Opie offers these variations:
Fee, fau, fum,
I smell the blood of an English man,
Be he alive, or be he dead,
I'll grind his bones to make my bread.
Opie cites other examples:
Fee fau fum,
I smell the blood of an earthly man;
Let him be alive or be dead,
Off goes his head.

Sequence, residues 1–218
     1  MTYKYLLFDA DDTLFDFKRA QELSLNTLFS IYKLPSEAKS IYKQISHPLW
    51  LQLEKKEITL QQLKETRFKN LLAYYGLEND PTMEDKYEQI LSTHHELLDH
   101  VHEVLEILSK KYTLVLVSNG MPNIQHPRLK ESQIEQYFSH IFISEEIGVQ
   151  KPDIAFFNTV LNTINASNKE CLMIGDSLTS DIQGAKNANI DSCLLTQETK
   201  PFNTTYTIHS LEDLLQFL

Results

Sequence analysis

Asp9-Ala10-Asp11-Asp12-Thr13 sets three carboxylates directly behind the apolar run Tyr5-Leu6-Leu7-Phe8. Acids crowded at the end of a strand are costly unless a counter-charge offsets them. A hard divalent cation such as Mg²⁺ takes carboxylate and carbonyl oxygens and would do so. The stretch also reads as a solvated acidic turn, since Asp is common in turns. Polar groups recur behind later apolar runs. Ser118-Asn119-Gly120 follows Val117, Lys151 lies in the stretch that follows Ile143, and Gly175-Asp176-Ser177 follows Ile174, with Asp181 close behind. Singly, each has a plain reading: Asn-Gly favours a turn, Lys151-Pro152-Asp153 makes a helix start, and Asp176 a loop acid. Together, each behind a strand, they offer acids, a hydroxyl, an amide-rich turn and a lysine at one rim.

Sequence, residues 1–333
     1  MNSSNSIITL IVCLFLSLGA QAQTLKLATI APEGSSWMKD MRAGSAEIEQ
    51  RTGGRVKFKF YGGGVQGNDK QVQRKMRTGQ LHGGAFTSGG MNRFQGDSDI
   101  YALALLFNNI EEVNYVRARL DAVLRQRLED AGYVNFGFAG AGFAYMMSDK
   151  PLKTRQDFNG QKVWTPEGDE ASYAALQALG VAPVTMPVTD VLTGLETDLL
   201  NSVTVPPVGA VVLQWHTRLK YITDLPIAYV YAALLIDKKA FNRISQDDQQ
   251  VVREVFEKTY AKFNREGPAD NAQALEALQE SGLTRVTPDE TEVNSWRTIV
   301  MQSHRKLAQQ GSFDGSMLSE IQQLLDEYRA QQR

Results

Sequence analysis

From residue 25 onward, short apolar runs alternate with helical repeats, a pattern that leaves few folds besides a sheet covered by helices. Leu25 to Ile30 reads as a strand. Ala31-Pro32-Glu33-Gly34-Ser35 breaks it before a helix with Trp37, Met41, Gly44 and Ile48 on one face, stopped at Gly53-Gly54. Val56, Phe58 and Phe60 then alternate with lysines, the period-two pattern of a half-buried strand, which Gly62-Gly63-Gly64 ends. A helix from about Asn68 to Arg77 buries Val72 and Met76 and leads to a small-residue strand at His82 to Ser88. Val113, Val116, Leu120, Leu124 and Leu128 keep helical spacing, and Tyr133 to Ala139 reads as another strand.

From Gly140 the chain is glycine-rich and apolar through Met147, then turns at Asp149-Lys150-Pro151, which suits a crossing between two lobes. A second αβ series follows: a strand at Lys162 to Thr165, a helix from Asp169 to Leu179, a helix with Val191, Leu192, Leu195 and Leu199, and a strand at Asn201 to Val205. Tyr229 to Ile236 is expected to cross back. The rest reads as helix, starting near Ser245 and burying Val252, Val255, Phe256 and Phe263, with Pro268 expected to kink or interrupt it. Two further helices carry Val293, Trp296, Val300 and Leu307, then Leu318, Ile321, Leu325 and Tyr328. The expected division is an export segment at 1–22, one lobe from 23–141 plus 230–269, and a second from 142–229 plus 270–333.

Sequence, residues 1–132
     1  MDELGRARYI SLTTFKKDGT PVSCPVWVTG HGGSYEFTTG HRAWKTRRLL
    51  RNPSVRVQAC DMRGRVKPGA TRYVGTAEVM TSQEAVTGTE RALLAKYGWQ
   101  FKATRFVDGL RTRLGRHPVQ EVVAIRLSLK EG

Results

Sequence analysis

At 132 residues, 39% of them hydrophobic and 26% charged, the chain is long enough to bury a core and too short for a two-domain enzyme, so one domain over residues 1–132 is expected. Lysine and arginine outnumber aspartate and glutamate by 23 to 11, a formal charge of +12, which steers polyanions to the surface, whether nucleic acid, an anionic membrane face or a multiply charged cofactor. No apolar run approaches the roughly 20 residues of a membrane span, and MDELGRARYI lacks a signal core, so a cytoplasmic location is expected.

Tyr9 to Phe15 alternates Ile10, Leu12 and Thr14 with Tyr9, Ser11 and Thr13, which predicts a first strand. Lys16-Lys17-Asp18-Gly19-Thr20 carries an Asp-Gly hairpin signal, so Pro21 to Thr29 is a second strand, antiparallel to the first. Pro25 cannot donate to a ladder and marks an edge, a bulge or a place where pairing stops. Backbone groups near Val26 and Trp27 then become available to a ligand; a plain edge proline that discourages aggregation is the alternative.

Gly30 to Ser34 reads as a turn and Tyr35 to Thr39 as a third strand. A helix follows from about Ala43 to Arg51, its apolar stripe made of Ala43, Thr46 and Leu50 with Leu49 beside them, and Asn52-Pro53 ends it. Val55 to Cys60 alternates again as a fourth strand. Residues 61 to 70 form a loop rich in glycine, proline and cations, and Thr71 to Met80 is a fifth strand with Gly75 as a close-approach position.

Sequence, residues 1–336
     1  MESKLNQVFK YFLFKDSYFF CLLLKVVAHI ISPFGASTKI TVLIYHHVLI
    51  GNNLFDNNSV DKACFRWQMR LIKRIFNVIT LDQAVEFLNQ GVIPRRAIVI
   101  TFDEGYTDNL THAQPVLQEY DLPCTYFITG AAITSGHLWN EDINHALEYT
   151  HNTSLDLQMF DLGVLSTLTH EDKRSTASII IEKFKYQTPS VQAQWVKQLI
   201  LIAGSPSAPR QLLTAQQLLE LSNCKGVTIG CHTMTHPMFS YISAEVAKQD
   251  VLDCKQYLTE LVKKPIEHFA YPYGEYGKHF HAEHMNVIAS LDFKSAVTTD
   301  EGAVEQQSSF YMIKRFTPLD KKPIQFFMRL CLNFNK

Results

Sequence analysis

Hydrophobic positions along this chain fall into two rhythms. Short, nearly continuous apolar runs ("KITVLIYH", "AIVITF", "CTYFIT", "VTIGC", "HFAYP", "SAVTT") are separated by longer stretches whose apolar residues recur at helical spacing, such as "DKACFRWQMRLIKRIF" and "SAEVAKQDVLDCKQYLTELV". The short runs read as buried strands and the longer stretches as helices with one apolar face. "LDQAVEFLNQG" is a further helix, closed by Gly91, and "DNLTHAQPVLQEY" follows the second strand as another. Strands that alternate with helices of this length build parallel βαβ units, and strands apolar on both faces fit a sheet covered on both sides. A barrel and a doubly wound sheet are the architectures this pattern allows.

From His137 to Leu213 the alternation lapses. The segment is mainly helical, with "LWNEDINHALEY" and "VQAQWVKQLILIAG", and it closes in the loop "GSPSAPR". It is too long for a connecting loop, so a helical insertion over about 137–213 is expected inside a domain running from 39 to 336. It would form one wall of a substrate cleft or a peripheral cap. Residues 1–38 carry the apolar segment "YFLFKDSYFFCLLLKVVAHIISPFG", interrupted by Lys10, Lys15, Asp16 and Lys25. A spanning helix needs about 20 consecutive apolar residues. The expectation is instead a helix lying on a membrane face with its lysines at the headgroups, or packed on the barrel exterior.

Fe, fi, fo, fum,
I smell the blood of an Englishman;
If he have any liver and lights
I'll have them for my supper tonight.
Opie also quotes a Scottish giant referred to in 1528 named Red Etin, who had 'thre heydis,' and invariably entered with these 'welcoming words':
Snouk but and snouk ben,
I find the smell of an earthly man;
Be he living or be he dead,
His heart this night will kitchen my bread.